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Rottenlungs

Fastest Civil aircraft

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Donny AKA ShalomarFly 2 ROCKS!!!As far as I know, with a redline of Mach .92 the 747 is the fastest airliner currently in service.What does the Citation X redline at? It actually cruises at .92, doesn't it? If the Citation X isn't the fastest civil passenger aircraft based entirely on Mach redline, what is? There is supposedly a Mach 1.5 Falcon bizjet in the works, but I just want those currently in service.No two seaters need apply!!!Best Regards, Donny:-wave

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I thought the fastest civil jet now that the concord is gone was the CX. I also thought .98 in the dive was the fastest certified/tested on the CX but cruised at .96.

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There are some civilian F100 Super Sabres, and I've seen a civilian Saab J35 Draken.

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Donny AKA ShalomarFly 2 ROCKS!!!Yeah, civil. Plus I said no two seaters need apply!:-lol So it seems like Cessna- whooda thunk that would ever happen?Of course, for its class the 310 ain't no slouch either.Best Regards, Donny:-wave

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Those aren't two seaters, they're single seaters :(If I'd included two seaters I'd have mentioned the NASA T-38s which can reach near Mach 2.You also nowhere claimed they must be initial civilian designs.

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Donny AKA ShalomarFly 2 ROCKS!!!Since when is a single seater a "passenger aircraft?"Maybe, if the pilot has multiple personality disorder, but isn't that stretching the definition?You're right, I didn't specifically mention civil designs from the ground up though:-) Best Regards, Donny:-wave

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Donny AKA ShalomarFly 2 ROCKS!!!Was that before or after the 747 and Citation X that it was the second fastest?If I'm not mistaken, some models of the Gulfstream Bizjets use the same engines.Can't award "fastest airliner" in service if no airliners are using it, but it still has a shot at "fastest civil passenger aircraft" since someone could possibly get their hands on it for a personal jet- AND it seats more than the rules of this thread call for:-)Do you know what Mach the VC-10 redlines at?Best Regards, Donny:-wave

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they did experiment with pods under the wings of a Harrier to transport passengers (special forces troops actually) :)Not sure if that would have worked well under an F100, would have been quite a ride lying prone in a metal cylinder under the wing of a jet at Mach 2.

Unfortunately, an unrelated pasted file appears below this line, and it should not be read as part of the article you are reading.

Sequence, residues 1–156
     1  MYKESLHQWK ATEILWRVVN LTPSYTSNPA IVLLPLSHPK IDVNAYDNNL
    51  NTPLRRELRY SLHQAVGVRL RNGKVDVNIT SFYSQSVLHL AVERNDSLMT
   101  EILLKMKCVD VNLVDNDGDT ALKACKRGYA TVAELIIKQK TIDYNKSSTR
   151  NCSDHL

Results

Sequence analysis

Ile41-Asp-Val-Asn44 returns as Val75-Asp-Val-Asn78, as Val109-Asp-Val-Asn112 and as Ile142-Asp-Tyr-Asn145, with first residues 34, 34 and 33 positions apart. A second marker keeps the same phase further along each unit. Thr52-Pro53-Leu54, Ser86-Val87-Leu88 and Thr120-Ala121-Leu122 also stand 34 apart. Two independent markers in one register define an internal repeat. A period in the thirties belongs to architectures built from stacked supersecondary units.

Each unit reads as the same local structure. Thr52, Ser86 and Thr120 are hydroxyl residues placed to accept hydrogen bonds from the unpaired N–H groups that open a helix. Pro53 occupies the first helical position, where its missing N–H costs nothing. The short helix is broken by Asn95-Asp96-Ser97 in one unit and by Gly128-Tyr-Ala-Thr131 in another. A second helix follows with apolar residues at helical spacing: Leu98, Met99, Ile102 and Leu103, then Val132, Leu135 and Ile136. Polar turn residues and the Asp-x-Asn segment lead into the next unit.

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>Donny AKA Shalomar>Do you know what Mach the VC-10 redlines at?>>Best Regards, Donny:-wave VNE on a VC-10 is Mach 0.94 according to my RAF source although they would never fly it that fast in reality and certainly not at it's current age. Some say the Trident was faster and of course there was the Russian "Concordski" but that never was in proper use only flying a test route for a short time I believe.Dave T. .........On the lovely warm Devon Riviera and active 'FlightSim User's Group' member at http://www.flightsimgrpuk.free-online.co.uk/

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Some folks on other aviation forums claim that Russian TU-154M is currently the fastest passenger jet in service. I think it's red line is about 10 to 20 kts faster than the 747. Michael J.WinXP-Home SP2,AMD64 3500+,Abit AV8,Radeon X800Pro,36GB Raptor,1GB PC3200,Audigy 2http://www.precisionmanuals.com/images/forum/747400.jpghttp://www.hifisim.com/images/asv_beta_member.jpg

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IAS maybe, but the 744 has a higher ceiling so it'll get you there faster :)

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I'm confused now. You said "redline" at first. Now it is "true airspeed". Both are different things. If it is just a higher Vmo, then it may or may not be faster than something else depending on altitude and Mmo. To comparatively figure out how fast two civil jet airliners are to each other, the only way to compare is to have the VMo and Mmo figures.TAS is not a redline. TAS is some figure you've figured out for information purposes from the current conditions. I would place very little stock in those "maximum cruising speed" figures that you find in books and airliners.net because it is a variable thing and also you do not know whether or not that quoted brochure figure is actually at indicated speed limits. And also, higher does not necessarily mean faster either. The fastest point that a jet travels is when Vmo and Mmo are equal. Which is usually in the upper twenties for most planes. At higher altitudes, the Mmo limitation makes the plane slower as you go higher since the speed of sound decreases with temperature.The figures for the classic 747 are a Vmo of 390kias, Mmo of .92 Mach and a ceiling of FL450. The 747-400 has lower limitations. That would mean at a density altitude of FL230 on a standard day, the 747 classic maxes out at 560kts TAS. That is approximately where 390kias equals .92M. Any lower and the plane could have gone at a higher TAS, any higher and the plane would lose forward velocity from the Mmo limitation. This was figured from an old fashioned E-6B. If somebody has an electronic one, you are more than welcome to refine it. If somebody has the information for the Tu-154, then a factual comparison can be made, otherwise, the discussion is meaningless.

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